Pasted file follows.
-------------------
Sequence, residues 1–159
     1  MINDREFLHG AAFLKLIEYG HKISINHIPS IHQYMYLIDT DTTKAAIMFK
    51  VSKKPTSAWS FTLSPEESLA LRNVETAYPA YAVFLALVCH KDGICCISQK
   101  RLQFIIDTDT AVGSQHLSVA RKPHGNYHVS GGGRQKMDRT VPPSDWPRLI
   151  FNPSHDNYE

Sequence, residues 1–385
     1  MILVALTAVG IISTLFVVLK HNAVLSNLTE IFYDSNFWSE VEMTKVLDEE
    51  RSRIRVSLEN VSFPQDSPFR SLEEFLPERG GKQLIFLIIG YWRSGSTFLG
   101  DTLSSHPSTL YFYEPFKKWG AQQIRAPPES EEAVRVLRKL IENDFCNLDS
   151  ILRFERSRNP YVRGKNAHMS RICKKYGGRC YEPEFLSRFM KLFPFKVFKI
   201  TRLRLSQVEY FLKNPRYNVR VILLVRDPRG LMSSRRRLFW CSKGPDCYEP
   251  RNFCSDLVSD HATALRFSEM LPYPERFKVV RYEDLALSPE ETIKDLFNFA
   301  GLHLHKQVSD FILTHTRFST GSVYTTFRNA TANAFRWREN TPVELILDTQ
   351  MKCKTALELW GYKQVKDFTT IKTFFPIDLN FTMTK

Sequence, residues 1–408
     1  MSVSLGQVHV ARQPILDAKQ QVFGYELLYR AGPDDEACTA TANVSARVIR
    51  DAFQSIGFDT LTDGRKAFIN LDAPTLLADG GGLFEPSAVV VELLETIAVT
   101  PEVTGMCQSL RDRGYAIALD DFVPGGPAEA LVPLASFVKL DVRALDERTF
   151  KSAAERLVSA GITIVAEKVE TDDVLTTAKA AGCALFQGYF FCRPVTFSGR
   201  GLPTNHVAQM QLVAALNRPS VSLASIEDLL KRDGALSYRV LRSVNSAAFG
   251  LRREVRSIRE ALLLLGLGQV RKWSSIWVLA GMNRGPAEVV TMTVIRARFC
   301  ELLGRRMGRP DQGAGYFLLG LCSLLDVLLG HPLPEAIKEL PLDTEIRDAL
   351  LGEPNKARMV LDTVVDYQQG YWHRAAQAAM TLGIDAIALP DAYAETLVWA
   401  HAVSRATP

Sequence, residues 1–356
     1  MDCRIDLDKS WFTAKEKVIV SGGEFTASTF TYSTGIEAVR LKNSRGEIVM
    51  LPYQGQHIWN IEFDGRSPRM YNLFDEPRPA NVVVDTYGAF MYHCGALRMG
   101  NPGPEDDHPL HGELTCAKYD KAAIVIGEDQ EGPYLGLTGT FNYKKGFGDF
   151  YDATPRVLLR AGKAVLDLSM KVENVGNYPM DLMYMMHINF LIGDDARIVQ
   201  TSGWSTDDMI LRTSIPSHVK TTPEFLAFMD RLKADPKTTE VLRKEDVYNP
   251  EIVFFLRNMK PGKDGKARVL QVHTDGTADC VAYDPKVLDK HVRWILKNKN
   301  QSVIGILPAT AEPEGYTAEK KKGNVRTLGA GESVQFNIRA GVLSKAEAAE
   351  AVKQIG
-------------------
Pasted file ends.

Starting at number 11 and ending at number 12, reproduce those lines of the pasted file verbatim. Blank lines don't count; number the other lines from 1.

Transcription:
   201  TRLRLSQVEY FLKNPRYNVR VILLVRDPRG LMSSRRRLFW CSKGPDCYEP
   251  RNFCSDLVSD HATALRFSEM LPYPERFKVV RYEDLALSPE ETIKDLFNFA